A Demonstration in Philadelphia The name Quaker's Yard was, obviously, linked to the Quaker religion. Persecution and punishment of these 'Dissenters', groups such as the Baptists and Quakers was common in the 19th century. Most cyclists going through Quakers Yard have little or no knowledge of the origins of this peaceful village with the quaint sounding name.

  • Titanic

    Wireless telegraph on Titanic Distress signals from the stricken Titanic were first picked up by an amateur radio enthusiast near Caerphilly. Arthur "Artie" Moore turned his hand to amateur radio at Gelligroes Mill. He picked up the distress signal and ran to the local police station where he had trouble convincing the constabulary that he really had picked up "messages in the air".

  • Salmon return to Sirhowy River

    Grizzly Bears have not been seen yet Salmon have laid eggs in the River Sirhowy for the first time since the mining industry began in the Valleys. Following a conservation campaign, nests have been spotted in Blackwood after the river was made more fish-friendly. The Atlantic salmon have not been able to swim up river from the Atlantic and Irish Sea in around 100 years, due to pollution from mining, and industry, and from manmade barriers in the river such weirs. The environment agency wish to stress Grizzly Bears have not been seen yet.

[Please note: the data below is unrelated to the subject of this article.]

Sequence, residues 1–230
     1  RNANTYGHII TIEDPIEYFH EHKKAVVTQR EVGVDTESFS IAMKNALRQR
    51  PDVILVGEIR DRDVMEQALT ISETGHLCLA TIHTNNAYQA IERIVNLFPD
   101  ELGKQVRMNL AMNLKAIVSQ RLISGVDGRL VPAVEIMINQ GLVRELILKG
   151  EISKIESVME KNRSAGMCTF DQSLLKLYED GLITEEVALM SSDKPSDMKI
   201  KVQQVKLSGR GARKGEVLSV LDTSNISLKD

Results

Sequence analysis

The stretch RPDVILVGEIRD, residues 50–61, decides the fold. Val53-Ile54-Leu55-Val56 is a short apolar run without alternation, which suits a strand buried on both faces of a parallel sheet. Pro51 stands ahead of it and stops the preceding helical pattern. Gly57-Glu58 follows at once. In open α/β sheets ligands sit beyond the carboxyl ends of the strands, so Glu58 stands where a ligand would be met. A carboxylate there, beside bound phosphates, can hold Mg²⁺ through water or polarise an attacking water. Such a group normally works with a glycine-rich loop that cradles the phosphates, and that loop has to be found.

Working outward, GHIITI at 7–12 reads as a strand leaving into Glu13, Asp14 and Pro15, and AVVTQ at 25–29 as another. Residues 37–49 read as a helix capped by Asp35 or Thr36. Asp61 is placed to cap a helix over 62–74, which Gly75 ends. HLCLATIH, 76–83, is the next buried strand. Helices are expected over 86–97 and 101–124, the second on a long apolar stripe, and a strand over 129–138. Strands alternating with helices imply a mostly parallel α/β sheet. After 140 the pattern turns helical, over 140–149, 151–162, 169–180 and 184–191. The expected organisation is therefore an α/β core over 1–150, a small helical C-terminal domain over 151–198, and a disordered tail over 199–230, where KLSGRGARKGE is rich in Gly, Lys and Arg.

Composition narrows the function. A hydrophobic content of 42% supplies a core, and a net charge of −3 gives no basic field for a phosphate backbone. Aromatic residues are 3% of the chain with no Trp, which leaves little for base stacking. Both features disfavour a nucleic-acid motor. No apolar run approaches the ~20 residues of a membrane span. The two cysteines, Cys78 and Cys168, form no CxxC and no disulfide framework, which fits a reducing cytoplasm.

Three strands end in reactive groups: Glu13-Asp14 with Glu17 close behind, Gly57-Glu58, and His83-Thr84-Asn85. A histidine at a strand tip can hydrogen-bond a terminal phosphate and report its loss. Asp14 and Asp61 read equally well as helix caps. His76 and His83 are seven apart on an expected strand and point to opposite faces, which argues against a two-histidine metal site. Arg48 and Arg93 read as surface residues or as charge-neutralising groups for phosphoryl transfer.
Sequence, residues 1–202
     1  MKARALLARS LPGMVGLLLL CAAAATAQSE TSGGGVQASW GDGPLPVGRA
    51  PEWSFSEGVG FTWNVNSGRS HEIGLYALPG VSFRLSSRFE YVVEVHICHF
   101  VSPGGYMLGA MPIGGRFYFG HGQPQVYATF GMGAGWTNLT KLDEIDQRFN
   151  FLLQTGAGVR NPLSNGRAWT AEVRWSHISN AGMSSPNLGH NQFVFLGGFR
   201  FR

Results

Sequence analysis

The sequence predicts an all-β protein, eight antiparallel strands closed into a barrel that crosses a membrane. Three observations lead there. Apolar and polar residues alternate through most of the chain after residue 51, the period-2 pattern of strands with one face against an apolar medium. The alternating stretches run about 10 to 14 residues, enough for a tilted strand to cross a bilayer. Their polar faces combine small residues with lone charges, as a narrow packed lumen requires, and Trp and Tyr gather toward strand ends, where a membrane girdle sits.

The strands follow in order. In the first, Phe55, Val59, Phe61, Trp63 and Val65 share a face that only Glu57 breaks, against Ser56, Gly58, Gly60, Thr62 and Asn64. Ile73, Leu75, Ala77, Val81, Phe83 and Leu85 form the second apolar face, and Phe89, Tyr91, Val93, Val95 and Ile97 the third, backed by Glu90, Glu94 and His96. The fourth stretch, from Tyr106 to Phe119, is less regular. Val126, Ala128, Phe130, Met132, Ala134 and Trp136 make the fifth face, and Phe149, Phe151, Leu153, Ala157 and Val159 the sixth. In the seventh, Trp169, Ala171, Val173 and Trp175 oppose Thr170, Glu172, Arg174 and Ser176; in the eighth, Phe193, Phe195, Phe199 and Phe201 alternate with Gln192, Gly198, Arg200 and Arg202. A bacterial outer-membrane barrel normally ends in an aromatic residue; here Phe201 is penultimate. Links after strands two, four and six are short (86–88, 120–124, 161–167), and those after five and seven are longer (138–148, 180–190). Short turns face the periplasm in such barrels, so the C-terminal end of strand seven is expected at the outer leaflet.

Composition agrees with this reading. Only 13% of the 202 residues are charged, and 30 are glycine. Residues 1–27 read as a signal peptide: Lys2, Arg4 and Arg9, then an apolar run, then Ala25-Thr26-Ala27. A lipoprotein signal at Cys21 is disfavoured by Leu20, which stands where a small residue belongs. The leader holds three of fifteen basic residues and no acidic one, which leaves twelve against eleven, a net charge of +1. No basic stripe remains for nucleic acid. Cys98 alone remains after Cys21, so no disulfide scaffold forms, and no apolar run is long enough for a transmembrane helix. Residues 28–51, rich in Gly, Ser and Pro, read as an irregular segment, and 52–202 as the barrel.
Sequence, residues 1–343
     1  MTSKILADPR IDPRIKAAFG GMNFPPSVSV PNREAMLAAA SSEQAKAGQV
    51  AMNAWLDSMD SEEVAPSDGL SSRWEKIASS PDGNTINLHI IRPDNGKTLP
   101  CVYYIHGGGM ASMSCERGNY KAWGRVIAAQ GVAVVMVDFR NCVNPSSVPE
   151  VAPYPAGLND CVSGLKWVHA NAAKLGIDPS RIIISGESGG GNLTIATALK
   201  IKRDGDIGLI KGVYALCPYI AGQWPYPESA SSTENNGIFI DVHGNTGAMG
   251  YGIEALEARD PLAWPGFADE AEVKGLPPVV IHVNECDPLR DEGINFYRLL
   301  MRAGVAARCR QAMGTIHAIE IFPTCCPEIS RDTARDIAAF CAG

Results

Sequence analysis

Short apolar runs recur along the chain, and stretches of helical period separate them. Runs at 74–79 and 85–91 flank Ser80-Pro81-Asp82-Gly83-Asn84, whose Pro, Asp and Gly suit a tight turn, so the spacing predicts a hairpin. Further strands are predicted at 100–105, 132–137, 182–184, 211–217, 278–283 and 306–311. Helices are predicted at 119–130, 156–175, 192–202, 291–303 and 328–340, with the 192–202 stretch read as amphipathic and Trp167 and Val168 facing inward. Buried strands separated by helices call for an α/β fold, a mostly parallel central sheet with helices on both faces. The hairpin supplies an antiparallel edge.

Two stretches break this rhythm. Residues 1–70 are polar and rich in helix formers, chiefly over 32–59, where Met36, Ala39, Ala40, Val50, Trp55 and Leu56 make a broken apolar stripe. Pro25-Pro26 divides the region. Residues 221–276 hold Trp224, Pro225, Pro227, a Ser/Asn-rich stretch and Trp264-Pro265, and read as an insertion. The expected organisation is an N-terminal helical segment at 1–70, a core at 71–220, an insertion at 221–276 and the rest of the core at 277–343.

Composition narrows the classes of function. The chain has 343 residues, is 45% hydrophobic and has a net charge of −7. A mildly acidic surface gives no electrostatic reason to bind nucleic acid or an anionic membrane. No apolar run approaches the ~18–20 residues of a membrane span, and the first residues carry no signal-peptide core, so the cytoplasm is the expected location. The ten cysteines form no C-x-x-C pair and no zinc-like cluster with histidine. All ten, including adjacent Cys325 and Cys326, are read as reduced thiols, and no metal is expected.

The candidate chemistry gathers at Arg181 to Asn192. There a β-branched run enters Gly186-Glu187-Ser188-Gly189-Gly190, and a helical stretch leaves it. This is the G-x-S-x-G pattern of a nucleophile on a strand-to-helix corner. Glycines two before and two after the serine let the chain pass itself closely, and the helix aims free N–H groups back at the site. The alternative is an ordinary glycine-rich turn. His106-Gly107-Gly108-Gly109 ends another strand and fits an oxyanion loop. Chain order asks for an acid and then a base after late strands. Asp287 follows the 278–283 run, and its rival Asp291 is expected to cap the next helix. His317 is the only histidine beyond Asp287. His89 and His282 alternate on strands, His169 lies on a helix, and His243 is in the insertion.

• The price of Welsh coal.

    The price of Welsh coal Young offenders inadvertently rediscovered an 1860 Risca mine tragedy stone plaque. The undergrowth was cut back as punishment to reveal the inscription of the men and boys killed at the colliery. Offenders on a probation service community payback scheme did not know it was there. The memorial was found on a hillside overlooking the Old Black Vein Colliery at Risca.

  • Newport medieval ship

    Newport medieval ship In 2002 during the foundation work of a new theatre on Newport riverfront, the most complete and preserved 15th century ship was found. It was painstakingly excavated and is now being conserved in a Newport warehouse. Evidence suggests it was a merchant ship trading along the seaboard of the western Atlantic as far south as Spain. It also seems likely that the Ship was built in south-west France, the Basque country, Asturias or Portugal.